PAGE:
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Importance of Limit Orders


“The volatile markets today can be unpredictable at times. Even if the quoted price is $25.50 and you place a market order, this does not guarantee that you will purchase it at $25.50”

By Alex Vo, Contributing Blogger
From Vo Industries
Content Partner

From www.financialimbalance.com

Introduction

Assuming you have already opened an account, you will need to place your first trade. Depending on your trading platform, you will see different order types such as Market (current market price), GTC (good until cancelled) and GTEM (good until extended market, i.e.: after hours trading). There are also advanced ones such as FOK (fill or kill) or IOC (immediate or cancel). You may not have the option to use those if you are using a basic platform to trade with.

This post will not talk about order types, however. There are three issues that I want to cover in this blog post. The first two are how to place a buy and sell order using limits and the benefits of not using the market price. I will also explain what the bid/ask spread is and how to ensure there are no surprises on the purchase/sold price after your trade has been executed.

Purchasing Shares

First of all, when purchasing a stock, you should always use a limit order. A limit order is a price you set that you would like to purchase a stock at. Say the market price of a stock is $25.50. If you place a limit order at $25.40, the trade will execute when you reach that price. What if you are happy with paying $25.50? Place a limit order at $25.50! There are countless times when I first started trading/investing where after placing a market order, I would end up purchasing a share at a price higher than what was quoted when I clicked the trade button. The volatile markets today can be unpredictable at times. Even if the quoted price is $25.50 and you place a market order, this does not guarantee that you will purchase it at $25.50.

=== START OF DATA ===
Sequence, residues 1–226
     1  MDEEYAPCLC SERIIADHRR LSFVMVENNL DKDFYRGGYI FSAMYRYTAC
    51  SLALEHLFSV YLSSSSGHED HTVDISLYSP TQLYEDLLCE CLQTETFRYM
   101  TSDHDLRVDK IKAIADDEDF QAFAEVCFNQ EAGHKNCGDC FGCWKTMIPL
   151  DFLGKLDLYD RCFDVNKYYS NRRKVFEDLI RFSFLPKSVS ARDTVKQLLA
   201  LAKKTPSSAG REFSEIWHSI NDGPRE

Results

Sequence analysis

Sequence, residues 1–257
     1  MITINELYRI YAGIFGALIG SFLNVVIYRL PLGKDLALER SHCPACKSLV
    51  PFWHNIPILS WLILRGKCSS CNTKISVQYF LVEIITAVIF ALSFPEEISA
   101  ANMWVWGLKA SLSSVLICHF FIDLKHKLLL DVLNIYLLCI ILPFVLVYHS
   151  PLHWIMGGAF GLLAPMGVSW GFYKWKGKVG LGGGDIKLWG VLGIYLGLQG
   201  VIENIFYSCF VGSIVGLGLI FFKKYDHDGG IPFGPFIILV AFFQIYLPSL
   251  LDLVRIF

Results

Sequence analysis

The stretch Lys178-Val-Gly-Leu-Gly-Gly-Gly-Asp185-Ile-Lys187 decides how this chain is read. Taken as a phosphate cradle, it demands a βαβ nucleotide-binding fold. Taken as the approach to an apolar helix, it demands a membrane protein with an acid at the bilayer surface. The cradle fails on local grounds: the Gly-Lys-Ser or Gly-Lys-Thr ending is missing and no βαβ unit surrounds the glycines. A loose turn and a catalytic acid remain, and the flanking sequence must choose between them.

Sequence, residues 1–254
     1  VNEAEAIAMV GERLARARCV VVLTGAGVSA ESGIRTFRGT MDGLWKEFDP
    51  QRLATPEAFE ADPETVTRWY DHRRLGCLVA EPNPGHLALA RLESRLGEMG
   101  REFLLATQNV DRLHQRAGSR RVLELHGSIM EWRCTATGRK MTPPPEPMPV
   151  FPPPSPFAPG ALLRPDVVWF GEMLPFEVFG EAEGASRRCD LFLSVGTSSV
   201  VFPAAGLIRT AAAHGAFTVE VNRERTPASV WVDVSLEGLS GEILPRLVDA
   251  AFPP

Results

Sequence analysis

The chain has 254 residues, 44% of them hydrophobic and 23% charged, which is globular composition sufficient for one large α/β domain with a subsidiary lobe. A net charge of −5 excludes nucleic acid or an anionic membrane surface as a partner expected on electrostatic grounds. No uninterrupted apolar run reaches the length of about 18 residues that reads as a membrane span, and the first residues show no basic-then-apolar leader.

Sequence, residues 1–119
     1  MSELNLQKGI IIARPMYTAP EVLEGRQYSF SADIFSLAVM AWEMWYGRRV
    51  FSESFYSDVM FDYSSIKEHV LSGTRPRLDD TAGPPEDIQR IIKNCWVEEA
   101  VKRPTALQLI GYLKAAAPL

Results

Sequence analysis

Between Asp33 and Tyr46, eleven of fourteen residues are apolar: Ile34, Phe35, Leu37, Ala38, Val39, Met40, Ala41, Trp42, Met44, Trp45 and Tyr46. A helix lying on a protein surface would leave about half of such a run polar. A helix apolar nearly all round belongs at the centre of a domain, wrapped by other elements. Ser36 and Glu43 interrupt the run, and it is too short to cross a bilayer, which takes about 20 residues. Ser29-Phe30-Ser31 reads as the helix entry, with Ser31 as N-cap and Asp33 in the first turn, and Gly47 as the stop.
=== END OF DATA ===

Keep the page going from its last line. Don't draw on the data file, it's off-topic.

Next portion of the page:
Bid/Ask Spread

This is very important if you are trading options, as those generally have higher spreads (difference between the bid and ask price). The bid price is the price that a buyer is willing to buy a security for and the ask price is the price that a seller is willing to sell a security for. The less liquid a security is, the larger the spread is generally. It is important that you make trades that have a very small spread. To explain, if there is a $1 spread on a security, this means that purchasing it will cause you to lose $1 already. For example, if the ask price is $51 and the bid price is $50, this means that a purchase can be made for $51 but can only be sold for $50. To help reduce the spread, a limit order can be placed in between the bid and ask prices. This large amount allies to options more than shares of a company.

Selling Shares

A limit order works the same way when selling shares. If the market price is $40 but would like to sell once it hits $40.50, you can place a limit order at that price and the trade will execute once there is a buyer for $40.50. Similarly, selling your stock at market price does not ensure you get the price that you see quoted when you click the button.

This is a short post but covers very important information that future investors should know. As usual, please feel free to ask any questions in the comment box below. There is no need to register for an account to do so and the information required to write a comment does not get verified. This means you can put fake information down and ask your questions anonymously. Please make use of this!


By Alex Vo, Contributing Blogger
From Vo Industries
Content Partner

In association with:

The ARB Team
Arbitrage Magazine
Business News with BITE

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